My first attention was drawn to this place when working on a
group work in my part 2 in the university, and a lot of amazing things we can
learn from this place.
Western Sahara is a disputed territory found in the Maghreb
region of northern Africa. A low, flat desert bounded by the Atlantic to the
west, Algeria to the east, Morocco to the north and Mauritania to the south. It
occupies a total area of 102,703 square miles, and has a population of nearly
600,000. Its largest city is EL Aaiun, its monetary unit is Tala, and languages
spoken are: standard Arabic, Hassaniya, Arabic and Moroccan Arabic. It has 6
airports, sea-ports and harbours. Business goes on as usual such that as at
2007, it was estimated to have a GDP of $906.5 million. You may agree with me
that such is a characteristic of a state. However Western Sahara is not
considered a State. Why?
Note that for the sake of this write up, ‘state’
refers to an organized community living under a single political structure and
government, sovereign or constituent.
Decades after the Green March, the dispute file of the Western
Sahara remains open at the U.N. Different lingering disputes over the years continue
to represent one of the main, if not the main threat to the stability of the
north African region, causing serious rift in the diplomatic relations between
morocco, Algeria and spain. For over 14 years, the united nations have tried to
put an end to these disputes by proffering lasting solutions. But their efforts
have proved abortive over the years. It can be said without mincing words that
the political future of the area is inherently dependent on the resolution of
this low-intensity but persistent dispute.
In 1976, spain withdrew leaving the forces of Rabat and
Nouakchott in Morocco to deal with the newly established resistance of the Saharawi
nationalist movement, led by Frente Polisario, which was known as the polisario
front. Then these men were few in number, but badly armed. Then later in that
year, the polisarios proclaimed the birth of the Saharawi Arab Democratic
Because sovereignty, according to “Understanding Politics”
by Chris Ojukwu, relates to the “attributes
of supreme authority of a state over the territory and people under its
jurisdiction, and exercising absolute and unrestricted power that it stands
above all others in a society”, and the government of the SADR have an unresolved
dispute over sovereignty, it cannot be called a state. After Spain left in
1976, Morocco proceeded to occupy two-third of the territory and eventually
laid claim to the rest in 1979 after the withdrawal of Mauritania. As expected
there was war and conflict that resulted in the loss of lives and properties.
1991 saw a cease-fire and the establishment of a UN peacekeeping operation. The
UN tried to resolve the issue through diplomatic means by offering the people
of Western Sahara a choice between independence and an integration into
Morocco, with the former being what the polisario wants. Despite this, morocco
still maintains a heavy security presence in the territory.
About 80% of the western Sahara territory is under the
Moroccan government, leaving about 20% under the control of SADR, and this
relatively small land area is called free zone. This free zone has a relatively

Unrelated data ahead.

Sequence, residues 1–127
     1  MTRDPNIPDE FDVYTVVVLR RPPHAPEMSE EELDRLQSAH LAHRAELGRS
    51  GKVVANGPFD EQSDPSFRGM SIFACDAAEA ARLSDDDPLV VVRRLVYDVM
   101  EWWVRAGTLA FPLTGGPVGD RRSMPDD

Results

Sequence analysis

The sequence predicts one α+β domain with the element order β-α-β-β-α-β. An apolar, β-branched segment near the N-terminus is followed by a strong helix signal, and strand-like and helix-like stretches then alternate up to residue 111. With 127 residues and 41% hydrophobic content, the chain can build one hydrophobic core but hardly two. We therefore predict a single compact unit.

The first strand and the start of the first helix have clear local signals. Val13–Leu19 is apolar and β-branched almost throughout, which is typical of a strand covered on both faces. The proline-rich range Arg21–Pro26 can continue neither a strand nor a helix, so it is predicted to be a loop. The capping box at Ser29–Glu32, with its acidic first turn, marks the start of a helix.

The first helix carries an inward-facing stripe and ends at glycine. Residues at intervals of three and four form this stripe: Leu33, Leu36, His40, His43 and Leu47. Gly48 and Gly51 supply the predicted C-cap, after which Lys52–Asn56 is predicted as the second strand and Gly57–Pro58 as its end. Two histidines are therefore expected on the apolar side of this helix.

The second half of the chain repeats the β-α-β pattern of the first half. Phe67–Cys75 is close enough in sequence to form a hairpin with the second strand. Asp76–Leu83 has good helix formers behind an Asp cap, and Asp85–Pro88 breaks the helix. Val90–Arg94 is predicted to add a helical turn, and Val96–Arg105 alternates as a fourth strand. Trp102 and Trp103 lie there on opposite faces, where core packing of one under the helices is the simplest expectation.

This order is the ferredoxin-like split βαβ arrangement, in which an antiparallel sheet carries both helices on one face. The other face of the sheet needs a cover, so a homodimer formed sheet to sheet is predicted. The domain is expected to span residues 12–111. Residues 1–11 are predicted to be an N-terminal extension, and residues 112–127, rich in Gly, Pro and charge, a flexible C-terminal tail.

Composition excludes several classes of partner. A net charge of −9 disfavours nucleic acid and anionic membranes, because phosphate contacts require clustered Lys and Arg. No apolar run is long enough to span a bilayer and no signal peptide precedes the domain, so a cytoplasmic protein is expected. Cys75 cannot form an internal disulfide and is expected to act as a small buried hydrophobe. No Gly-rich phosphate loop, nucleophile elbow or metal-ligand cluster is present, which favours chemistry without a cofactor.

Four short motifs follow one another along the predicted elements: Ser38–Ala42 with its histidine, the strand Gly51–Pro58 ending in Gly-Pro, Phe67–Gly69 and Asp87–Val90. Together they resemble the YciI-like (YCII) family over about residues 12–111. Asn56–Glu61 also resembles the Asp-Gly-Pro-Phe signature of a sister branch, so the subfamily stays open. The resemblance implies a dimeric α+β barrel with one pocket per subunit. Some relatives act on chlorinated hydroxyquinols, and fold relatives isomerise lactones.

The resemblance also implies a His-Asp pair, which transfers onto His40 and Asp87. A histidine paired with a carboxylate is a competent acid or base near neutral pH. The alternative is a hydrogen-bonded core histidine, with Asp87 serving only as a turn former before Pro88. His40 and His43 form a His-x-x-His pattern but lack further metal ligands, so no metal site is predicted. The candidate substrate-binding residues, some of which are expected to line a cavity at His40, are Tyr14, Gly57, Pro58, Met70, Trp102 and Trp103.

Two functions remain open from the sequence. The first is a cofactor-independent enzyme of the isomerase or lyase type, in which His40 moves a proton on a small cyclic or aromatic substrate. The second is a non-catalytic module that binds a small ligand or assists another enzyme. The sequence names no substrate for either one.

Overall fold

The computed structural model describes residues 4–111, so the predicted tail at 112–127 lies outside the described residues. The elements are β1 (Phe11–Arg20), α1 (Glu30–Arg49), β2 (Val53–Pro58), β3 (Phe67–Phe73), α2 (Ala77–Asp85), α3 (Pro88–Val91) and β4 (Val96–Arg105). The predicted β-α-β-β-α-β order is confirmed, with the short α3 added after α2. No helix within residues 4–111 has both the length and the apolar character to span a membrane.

small population of about 30,000. The Moroccan government built a 2,700 km long
defensive sand berm around 1980 to 1987 and running the length of the
territory, and separates the opposition.
So if the SADR cannot control a large percentage
of its territory, it is not fit to be called a state!
The UN does not recognize it as a sovereign
state and as such listed it on the UN list of non-self-governing territories.
The Moroccan government controls the economy and is a key
source of employment, infrastructural development and social spending. As expected,
exploitation of natural resources like crude oil, remains a contentious issue
due to the unresolved legal status of the region.
On the communication aspect too, the SADR has a sparse and
limited telephone system, with its country code (-212) tied into Morocco’s system
by microwave radio relay technology, tropospheric scatter, and satellite.
The long conflict has resulted in severe human rights violation
that has majorly results in the displacement of tens of thousands of Saharawi civilians
from their so called country. Due to the measure of support the Polisarios have
from the Algerian government, thousands of Moroccans were expelled from Algeria
by the Algerian government. During and after the conflict, both parties accuse
each other of human rights violation and abuse.
A typical example is when youth were kidnapped in refugee
camps and sent to Castro’s island of youth, where they are inundated with
anti-western teachings. This was done primarily to Armstrong their families and
coerce their loyalty to the Polisarios cause.
Despite the effort of the SADR to demonstrate that it is a
state like any other, with institutions, flag, diplomats, etc., the action of
the Morocco government makes it practically impossible.
The future of the conflict is uncertain. Morocco has failed
in its attempt to convince the international community that the only solution
is to recognize the current status quo. The status quo, as the Polisario has
managed to show, is that of dispute, conflict and contending projects. It is,
in other words, that of an unfinished decolonization process.